By Luciana Chavez, Special to Merced College

This is the story about how Noel Felix came to feel at home on the Los Banos campus of Merced College, and how the support he found there changed his life.

Understand that when Felix graduated from Los Banos High School in 2015, his mother had passed away a few years earlier, he had just turned 18, and he had just been kicked out of the house he was living in with his aunt.

“I was an adult and I had to go figure it out,” he said.

Felix did, backed by the support network of the First-Year Learning Community on the Los Banos campus. Five years later, Felix is a semester away from graduating from Fresno State with a business degree.

“It’s humbling to think about,” he said. “Merced College professors want you to grow. In every one-on-one situation, they would give advice on what you should do and what they thought was best for you. It helped me stay motivated.”

Felix took a few detours before becoming a model student.

To start, he had zero interest in college after graduating from Los Banos High. He did enroll at Merced College, but failed a class his first semester, and quit.

“Yeah, I failed myself,” Felix said. “I regret that. I was on my own trying to figure out how to live, like ‘What am I gonna do now? If I’m gonna improve my life, it’s gonna be on me.’”

He moved to San Jose with his brother and continued working. Something about grinding out work every day while making no progress in life left him craving more.

“I felt like I could do better as a person,” Felix said. “I felt like I deserved better. Then coming from a family of immigrants, I was bilingual and I realized there were resources out there I could work with. I could do way better than I did the first time around.”

Felix retook and passed the algebra class he’d failed before at Evergreen College in San Jose. When his brother joined the Army, Felix moved back to Los Banos.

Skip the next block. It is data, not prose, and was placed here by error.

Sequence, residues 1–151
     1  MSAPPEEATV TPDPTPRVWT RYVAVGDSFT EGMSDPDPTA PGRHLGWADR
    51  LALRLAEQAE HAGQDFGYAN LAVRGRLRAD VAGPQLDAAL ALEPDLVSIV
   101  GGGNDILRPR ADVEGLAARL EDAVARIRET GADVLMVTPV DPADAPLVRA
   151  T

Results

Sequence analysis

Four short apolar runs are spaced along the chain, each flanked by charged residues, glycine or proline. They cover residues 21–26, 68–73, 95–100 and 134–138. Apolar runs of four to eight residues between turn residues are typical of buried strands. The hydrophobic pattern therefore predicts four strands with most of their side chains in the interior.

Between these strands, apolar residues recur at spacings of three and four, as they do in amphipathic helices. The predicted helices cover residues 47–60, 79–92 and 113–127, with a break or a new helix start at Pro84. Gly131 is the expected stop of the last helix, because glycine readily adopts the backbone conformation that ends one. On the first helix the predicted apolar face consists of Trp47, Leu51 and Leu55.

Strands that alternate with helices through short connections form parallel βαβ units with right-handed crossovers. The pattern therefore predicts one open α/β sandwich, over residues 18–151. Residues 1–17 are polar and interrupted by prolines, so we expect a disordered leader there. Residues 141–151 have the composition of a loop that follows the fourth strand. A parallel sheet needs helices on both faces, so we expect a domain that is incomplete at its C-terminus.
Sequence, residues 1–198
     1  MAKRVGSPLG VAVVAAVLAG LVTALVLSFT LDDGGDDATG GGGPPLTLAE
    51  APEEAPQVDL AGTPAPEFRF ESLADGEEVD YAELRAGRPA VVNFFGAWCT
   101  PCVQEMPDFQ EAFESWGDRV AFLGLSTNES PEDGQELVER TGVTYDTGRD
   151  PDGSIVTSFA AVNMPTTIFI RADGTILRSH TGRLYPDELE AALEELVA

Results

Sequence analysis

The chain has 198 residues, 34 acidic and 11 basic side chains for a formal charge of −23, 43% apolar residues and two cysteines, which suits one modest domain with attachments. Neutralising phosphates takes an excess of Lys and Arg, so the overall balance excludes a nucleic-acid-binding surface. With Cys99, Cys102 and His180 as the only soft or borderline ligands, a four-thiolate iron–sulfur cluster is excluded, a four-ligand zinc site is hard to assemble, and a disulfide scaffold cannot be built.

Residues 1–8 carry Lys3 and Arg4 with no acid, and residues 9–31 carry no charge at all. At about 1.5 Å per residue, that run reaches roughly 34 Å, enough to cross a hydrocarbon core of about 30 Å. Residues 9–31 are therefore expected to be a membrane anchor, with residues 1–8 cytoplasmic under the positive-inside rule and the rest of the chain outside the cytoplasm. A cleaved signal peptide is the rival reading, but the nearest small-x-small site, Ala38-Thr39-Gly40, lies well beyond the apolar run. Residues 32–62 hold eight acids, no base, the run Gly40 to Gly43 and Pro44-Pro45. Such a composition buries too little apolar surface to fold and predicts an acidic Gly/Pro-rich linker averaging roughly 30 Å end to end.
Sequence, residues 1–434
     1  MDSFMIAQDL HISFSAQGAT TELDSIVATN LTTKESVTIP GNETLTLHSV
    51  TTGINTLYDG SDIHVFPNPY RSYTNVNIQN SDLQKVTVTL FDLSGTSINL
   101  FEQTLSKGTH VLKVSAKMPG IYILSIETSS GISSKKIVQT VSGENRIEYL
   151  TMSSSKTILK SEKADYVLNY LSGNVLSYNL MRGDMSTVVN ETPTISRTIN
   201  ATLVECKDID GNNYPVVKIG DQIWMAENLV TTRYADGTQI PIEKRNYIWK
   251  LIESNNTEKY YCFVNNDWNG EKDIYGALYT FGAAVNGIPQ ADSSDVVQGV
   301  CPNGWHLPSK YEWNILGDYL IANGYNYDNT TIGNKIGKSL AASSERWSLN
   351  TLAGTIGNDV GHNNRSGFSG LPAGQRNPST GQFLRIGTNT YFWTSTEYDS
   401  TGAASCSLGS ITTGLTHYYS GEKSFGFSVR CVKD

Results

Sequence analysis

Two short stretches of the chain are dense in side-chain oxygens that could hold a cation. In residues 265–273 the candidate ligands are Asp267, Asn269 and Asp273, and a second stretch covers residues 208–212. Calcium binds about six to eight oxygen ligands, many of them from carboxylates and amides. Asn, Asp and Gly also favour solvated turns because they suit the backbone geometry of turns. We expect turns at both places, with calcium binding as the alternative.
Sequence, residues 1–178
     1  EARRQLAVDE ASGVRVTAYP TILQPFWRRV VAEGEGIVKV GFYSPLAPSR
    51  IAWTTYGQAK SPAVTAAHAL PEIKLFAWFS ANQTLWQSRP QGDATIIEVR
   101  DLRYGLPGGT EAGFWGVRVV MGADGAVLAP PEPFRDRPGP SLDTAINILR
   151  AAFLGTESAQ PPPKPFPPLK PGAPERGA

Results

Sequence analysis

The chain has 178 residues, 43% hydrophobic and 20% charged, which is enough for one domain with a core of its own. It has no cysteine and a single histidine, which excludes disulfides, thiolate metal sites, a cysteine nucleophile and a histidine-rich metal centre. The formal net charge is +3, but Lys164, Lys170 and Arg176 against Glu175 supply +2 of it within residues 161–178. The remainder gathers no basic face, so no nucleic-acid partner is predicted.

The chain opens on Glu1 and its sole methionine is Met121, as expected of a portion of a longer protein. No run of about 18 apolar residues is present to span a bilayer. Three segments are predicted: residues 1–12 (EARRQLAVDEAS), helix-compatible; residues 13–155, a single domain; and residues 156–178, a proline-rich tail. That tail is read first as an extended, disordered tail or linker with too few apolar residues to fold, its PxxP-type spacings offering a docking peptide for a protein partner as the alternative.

English professor Cindy Chavez noticed Felix right way.

He didn’t raise his hand in her class for months. He also didn’t miss a class, showed up early, handed in his work early and excelled at everything.

Chavez once read one of his assignments and tried to compliment him as a great writer. “And he said, ‘Me? No, not me!’” she said. “He was so timid, he didn’t want anyone to know. But he stood out, as if there was a spotlight on him.”

Felix said he was able to make his mark because his college support system “treated us like adults, and showed us how to be professional and go the extra mile.” Jazmin Serrano, Felix’s counselor at Los Banos, said younger freshmen gravitated towards the older Felix, who quietly attacked his studies with brutal efficiency, acing five classes per semester.

“He made friends quickly,” Serrano said. “He asked questions and helped others. Whatever was going on in his life, he never let that affect his academics. He’s taken every opportunity he could. Others looked to him as a leader in our learning community.”

Now a semester shy of earning his bachelor’s degree, Felix bristles with hope about the future. He wants to work for one of the biggest companies on the American business landscape—Apple, Google, Amazon. He wants a shot at Silicon Valley.

“I think having a degree will open up a lot of doors to companies I could never have imagined working for, or for networking with people and starting up a business,” Felix said. “Who knows what will happen in another five years?”

Still, Felix doesn’t beat his own chest about his success.

He doesn’t dwell on why people find his personal story so moving, either, but he now understands how empathy reshaped his future.

It’s why he also devotes free time to volunteering at the Fresno State food bank, at a local church and with Habitat for Humanity when he’s not studying or working.

Once uncertain, Felix now feels like he’s prepared for anything.

“When people told me I couldn’t [do well in college] I felt I had to do it,” he said. “I figured out there was a solution to every problem. Now I know how to ‘embrace the suck’ and move on with it. I wouldn’t be here now, almost graduating, if those things hadn’t happened to me. I wouldn’t have pushed myself to find my purpose in life.”